The US media has been irresponsibly negligent in discussing the issue. Go to Google home page, more then Alerts and set up Alerts for peak oil, oil depletion, saudi reserves, and related topics to see what the larger world thinks of the problem.

    Read the report to the DOE on Peak Oil at: http://www.hilltoplancers.org/stories/hirsch0502.pdf, or the newletters and links from the web site of the Association for the Study of Peak Oil (www.peakoil.net) for more detailed information.

    The Richard Heinberg book: The Party’s Over also gives a sobering perspective on the issue. Try to put wind or nuke power into the fuel tank of a truck, train or car. Hydrogen is a political distraction that will not arrive in time to solve our problem.

    The oil problem is a BIG problem and the “invisible hand” of the market is blind. Look at the mess GM is in. Who wants to pay $70 for a tank of gas? When it goes over $100 you will be able to buy the big butt vehicles really cheap. They will make great crappie habitat. Why doesn’t GM offer a car that can generate a 12-24 month order backlog? Duh!

    Watch for the brownouts and rolling blackouts as our natural gas supplies dry up and gas line pressures drop. The combustion turbines our utilities bought over the last decade or two were relatively cheap, but may be useless when needed the most. Biogas anyone?

    So long as we remain in denial and continue to be led by delusional hypocrites we will continue our rush to the cliff.

  21. Steve Verdon says:

    As a beliver in the free market I think things will work out in the end as we develop alternatives to cheap oil. However the invisible hand of the free market will not keep a roof over my head! Each individual needs to prepare for some bumpy roads ahead. Buy coal stocks! Buy windpower stocks! The US has 27 percent of the worlds coal reserves!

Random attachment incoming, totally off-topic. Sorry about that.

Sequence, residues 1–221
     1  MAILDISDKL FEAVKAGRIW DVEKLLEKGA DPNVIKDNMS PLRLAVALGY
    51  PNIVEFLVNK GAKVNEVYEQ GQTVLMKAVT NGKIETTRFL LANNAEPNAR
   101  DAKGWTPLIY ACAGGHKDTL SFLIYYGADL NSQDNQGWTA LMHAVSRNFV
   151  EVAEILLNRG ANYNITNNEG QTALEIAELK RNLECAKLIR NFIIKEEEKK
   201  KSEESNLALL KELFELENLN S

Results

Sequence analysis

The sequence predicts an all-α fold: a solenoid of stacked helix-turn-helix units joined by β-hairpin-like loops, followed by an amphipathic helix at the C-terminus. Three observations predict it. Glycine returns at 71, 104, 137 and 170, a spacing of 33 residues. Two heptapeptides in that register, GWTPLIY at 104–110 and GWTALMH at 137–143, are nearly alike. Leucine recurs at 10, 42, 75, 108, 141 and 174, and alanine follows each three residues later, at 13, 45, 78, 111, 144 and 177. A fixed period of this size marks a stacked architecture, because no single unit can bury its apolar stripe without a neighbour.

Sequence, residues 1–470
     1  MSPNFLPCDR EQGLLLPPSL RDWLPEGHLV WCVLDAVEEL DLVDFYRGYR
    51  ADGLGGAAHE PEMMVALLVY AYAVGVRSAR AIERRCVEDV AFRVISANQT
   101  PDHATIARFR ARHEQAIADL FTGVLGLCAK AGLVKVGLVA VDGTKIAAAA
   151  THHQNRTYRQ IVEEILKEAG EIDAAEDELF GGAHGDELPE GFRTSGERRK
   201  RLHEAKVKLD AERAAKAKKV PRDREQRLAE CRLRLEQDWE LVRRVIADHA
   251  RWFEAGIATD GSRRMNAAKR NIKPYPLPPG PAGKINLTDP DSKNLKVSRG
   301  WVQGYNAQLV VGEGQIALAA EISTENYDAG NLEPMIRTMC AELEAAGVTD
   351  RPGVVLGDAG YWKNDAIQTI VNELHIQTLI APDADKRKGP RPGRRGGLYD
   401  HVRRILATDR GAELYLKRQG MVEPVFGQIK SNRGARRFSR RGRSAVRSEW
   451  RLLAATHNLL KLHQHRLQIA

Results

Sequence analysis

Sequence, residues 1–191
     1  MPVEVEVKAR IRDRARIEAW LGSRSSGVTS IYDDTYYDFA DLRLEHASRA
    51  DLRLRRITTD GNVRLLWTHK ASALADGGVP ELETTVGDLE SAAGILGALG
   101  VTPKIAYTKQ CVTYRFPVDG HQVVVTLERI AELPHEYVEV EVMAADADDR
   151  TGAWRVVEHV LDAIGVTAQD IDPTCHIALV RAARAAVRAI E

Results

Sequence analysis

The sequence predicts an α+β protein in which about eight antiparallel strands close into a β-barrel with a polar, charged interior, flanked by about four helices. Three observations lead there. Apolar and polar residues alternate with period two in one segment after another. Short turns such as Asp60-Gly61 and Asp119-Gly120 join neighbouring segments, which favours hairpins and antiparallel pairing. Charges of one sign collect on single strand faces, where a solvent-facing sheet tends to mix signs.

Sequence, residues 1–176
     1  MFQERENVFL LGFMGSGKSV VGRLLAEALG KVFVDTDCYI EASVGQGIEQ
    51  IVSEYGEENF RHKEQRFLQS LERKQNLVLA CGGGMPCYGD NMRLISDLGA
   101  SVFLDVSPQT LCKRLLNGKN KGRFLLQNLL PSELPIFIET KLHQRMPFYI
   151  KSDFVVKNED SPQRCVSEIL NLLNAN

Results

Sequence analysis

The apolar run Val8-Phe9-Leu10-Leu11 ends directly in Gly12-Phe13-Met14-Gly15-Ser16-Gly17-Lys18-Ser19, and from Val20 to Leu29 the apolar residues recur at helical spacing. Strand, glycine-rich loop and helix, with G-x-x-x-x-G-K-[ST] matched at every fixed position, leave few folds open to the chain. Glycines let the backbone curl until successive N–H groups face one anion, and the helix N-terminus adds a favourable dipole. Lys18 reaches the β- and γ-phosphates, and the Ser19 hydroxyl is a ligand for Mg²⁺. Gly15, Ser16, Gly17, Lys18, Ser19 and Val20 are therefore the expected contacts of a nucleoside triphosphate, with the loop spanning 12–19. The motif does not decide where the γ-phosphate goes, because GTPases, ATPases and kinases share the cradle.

Of course the “invisible hand” will not keep a roof over your head, and maybe that is what you are saying, but to be pedantic there really is no “purpose” to the market.

    As for bumpy road, I’m sure there will be bumpy roads in the future. We have had them in the past and most likely will in the future. Planning accordingly is wise.

  22. Norm E:  What do you mean, you can’t put nuclear or wind in your “tank”?  It’s happening.  What we really need is to re-start the PNGV program so partial-battery vehicles are built by more than just Toyota.

    “Person who claims something is impossible should not get in the way of person who is doing it.”

  23. odograph says:

    The most recent price I’ve heard for the Prius-mod is $10,000, and that is pretty much the battery cost.

    It doesn’t surprise me that adding $10,000 worth of batteries can increase the electricity a car can carry …

    I don’t know, a lot of the popular-press articles seem to think this is some kind of fundimental breakthrough and that the quoted “100 mpg” is the result of a cheap tweak.

    In terms of transforming the fleet, I’m not sure how many people want to commit to $10,000 more in batteries … the charging cost may be low, but the “container” cost is quite high.

    We need battery research,

  24. odograph says:

    Another way to say it is that I suspect Toyota made the right engineering decision when they sized their batteries, given: range, price, life, and eventual replacement costs.

  25. The $10,000 figure is for the version using Valence Technology’s Saphion batteries; these appear to be very early models and are probably closer to the cost of prototypes than production units.

    The list message quotes the battery-pack capacity as 9 kWh.  The retail quantity 50 price of Li-ion cells appears to be about $720/kWh, or $6500 for the battery pack; bulk discounts and automated assembly would probably reduce that.  We can also expect the price to come down fairly rapidly with time.